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What You Don't Know about Trademarks Could Hurt Your Business


Almost every business uses trademarks. However, most business people rarely think about trademarks, even though a trademark represents one of a business's most valuable assets: its reputation. Trademark rights may be lost if they are not properly obtained and protected. The trademark rights of the competition also must be understood, or a business may have to pay a great deal of money for infringing on those rights.

Q: What is a trademark?
A: Anything customers associate with a business's products or services can be a "trademark." Trademarks are usually words, slogans, or designs, but in some situations, sounds, colors, or even distinct scents can be trademarks. Words that merely describe goods and services cannot, however, be protected as trademarks.

Q: What is a service mark?
A: A service mark is a mark that is used in conjunction with services.

Q: How do you protect a trademark?
A: A business has some legal rights simply because it has used a mark. Better protection is available through registration of the mark with the U.S. Patent and Trademark Office. A person can apply for registration before his or her business begins using the mark.

Q: What is the effect of federal registration of a trademark?
A: Except in certain situations, once a trademark is registered, the owner of the registration is the only one in the United States who may use the trademark in conjunction with goods and services for which the mark has been registered. A trademark also serves as protection against competitors' use of confusingly similar marks.

Q: Does it matter when a person applies for registration?
A: It can make a big difference. If a company does not register a trademark, another firm in the same business may be able to use it. The other firm may also obtain a federal registration, which may limit the first company's ability to use the mark. The legal rules in such situations are tricky. One thing is certain: the earlier a business entity registers its mark with the U.S. Patent and Trademark Office, the stronger the entity's legal position will be in the event a trademark problem arises.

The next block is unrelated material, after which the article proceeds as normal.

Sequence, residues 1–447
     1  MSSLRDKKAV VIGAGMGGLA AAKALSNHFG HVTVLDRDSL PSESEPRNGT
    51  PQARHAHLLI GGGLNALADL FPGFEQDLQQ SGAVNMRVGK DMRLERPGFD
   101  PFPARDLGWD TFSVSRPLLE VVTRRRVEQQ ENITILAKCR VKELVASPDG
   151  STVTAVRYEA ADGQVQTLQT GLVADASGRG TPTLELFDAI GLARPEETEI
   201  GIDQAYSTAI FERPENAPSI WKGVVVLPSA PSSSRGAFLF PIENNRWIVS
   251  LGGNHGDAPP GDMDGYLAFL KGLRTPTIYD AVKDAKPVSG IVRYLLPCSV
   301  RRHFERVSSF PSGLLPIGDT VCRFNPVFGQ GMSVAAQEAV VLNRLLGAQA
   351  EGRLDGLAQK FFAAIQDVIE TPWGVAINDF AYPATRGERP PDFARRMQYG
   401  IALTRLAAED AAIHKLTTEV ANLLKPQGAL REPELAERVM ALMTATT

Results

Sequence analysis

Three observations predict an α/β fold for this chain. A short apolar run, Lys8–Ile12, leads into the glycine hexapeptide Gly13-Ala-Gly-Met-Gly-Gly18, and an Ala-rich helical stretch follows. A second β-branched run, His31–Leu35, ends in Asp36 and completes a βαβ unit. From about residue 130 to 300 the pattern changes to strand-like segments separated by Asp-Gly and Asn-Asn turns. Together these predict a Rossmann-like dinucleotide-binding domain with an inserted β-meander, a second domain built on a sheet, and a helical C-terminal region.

Q: Can a trademark be registered with the State of Ohio instead of the U.S. Trademark Office?
A: Most states, including Ohio, will register a trademark. A state registration, however, usually only documents that someone is using a mark. It does not provide the legal rights available through federal registration.

Q: What is the best way to select a new trademark?
A: Picking a new trademark involves finding a mark that customers will like and remember. Generally, the best trademarks are arbitrary or fanciful marks. Made up words such as Kodak® or Teflon® are very distinctive. Trademarks that are somewhat suggestive of the business's products or services are often used, but may not be as distinctive. Of course, words that are generic names or merely descriptive of the goods or services cannot be protected as trademarks and should not be considered. Once a possible new trademark is selected, it is best to have a trademark attorney make sure that it can be used without infringing on someone else's trademark. Someone who infringes may not only be prevented from using the mark, but may also have to pay damages and attorney fees.

Q: Is it possible to protect a trademark in foreign countries?
A: Yes. Almost every country recognizes some type of trademark rights. It is generally necessary to register the mark with the authorities in each country or regional trademark jurisdiction to have protection. The federal registration of a mark in the United States provides no rights in other countries. However, an international registration can be filed to obtain the extension of a United States application or registration to a number of other countries. Businesses should consider protecting their trademarks in all countries where they have distributors or a significant number of customers.

11/14/2012

Law You Can Use is a weekly consumer legal information column provided by the Ohio State Bar Association. This article was prepared by Ralph E. Jocke, a patent and trademark attorney with a worldwide practice, and a principal with Walker & Jocke, L.P.A., located in Medina, Ohio.

Articles appearing in this column are intended to provide broad, general information about the law. Before applying this information to a specific legal problem, readers are urged to seek advice from an attorney.

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